I have friends who post lots of pictures online. They use their hobbies as a way to inform their online friends as to what they are seeing. One friend is a bird watcher and posts pictures of unusual birds in unusual places. Another friend is a nature photographer who posts all sorts of beautiful pictures and usually gets a picture or two a week on the local television weather forecast. I always enjoy their pictures because I feel I live vicariously through their photographs. Their pictures also make me more aware of birds and beautiful scenery.
I’m not going to propose that we post a lot of Mandt pictures online. But, what about Mandt people watching? We could instill in our students the joy of going out into public and finding good and/or bad examples of people working with others. If we were to do this in a positive, supportive way we would not be judgmental about the people we are observing. We would, however, be using our RADAR to see Mandt concepts used in a ‘natural environment.’ The more examples we see, the easier it is to understand how our behavior affects the situations in which we find ourselves. The more aware we become of our behavior and how it affects others, the better staff we will be.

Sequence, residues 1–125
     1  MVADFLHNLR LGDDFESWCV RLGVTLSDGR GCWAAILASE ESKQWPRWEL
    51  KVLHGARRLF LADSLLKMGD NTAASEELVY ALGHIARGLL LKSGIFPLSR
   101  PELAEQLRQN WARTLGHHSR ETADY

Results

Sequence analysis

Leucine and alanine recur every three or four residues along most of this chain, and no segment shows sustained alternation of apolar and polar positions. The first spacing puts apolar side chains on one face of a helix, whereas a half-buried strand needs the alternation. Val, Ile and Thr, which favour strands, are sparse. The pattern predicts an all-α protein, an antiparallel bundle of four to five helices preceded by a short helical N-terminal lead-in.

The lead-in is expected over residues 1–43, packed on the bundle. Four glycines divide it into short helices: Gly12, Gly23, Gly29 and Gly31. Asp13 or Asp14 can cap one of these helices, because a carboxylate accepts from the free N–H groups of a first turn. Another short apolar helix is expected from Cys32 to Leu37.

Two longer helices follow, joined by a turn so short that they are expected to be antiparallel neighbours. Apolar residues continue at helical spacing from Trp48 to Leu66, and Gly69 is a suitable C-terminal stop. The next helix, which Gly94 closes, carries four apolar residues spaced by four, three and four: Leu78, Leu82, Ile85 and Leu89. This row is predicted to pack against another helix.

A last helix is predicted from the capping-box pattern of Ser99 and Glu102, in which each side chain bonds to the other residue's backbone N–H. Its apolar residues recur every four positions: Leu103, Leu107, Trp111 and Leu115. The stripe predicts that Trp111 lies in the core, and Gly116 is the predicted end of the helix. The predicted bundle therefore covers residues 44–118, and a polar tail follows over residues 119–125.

Expanding on this idea, if Mandt trainers become Mandt people watchers, what affect might that have? The more we see examples, whether good or bad, the easier it is to identify them. This would also give each of us more examples that we could use in our training.
How many times have you seen the parent beautifully working with a child in the middle of a meltdown? How many times have you seen the couple escalating an argument with neither of them really listening to the other? Keeping our RADAR on and seeing these examples allows us to bring them into the training room and show our students the applicability of Mandt. It should also help us to become more aware of our actions when we find ourselves in similar situations.
So, while we probably shouldn’t be posting a lot of pictures about our Mandt people watching activities, we can use the examples we see to help our students live vicariously (or learn vicariously) through our stories and observations.
Dr. Dale Shannon – Mandt Faculty